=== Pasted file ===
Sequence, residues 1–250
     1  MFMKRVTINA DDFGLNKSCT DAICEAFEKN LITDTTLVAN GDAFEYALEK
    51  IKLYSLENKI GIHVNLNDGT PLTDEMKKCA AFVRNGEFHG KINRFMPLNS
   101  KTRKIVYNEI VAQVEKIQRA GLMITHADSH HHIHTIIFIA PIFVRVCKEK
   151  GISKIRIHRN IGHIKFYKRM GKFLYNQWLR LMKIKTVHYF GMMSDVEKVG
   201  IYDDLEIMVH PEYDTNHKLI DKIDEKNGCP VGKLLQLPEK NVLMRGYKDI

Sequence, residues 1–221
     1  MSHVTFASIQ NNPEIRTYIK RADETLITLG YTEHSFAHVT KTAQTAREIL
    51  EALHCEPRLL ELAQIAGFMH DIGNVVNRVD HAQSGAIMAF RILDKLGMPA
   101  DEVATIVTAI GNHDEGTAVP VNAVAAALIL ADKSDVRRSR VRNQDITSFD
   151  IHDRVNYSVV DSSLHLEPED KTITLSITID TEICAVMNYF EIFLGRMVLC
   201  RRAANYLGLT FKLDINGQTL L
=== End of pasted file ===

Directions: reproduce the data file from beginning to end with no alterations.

Sequence, residues 1–250
     1  MFMKRVTINA DDFGLNKSCT DAICEAFEKN LITDTTLVAN GDAFEYALEK
    51  IKLYSLENKI GIHVNLNDGT PLTDEMKKCA AFVRNGEFHG KINRFMPLNS
   101  KTRKIVYNEI VAQVEKIQRA GLMITHADSH HHIHTIIFIA PIFVRVCKEK
   151  GISKIRIHRN IGHIKFYKRM GKFLYNQWLR LMKIKTVHYF GMMSDVEKVG
   201  IYDDLEIMVH PEYDTNHKLI DKIDEKNGCP VGKLLQLPEK NVLMRGYKDI

Sequence, residues 1–221
     1  MSHVTFASIQ NNPEIRTYIK RADETLITLG YTEHSFAHVT KTAQTAREIL
    51  EALHCEPRLL ELAQIAGFMH DIGNVVNRVD HAQSGAIMAF RILDKLGMPA
   101  DEVATIVTAI GNHDEGTAVP VNAVAAALIL ADKSDVRRSR VRNQDITSFD
   151  IHDRVNYSVV DSSLHLEPED KTITLSITID TEICAVMNYF EIFLGRMVLC
   201  RRAANYLGLT FKLDINGQTL L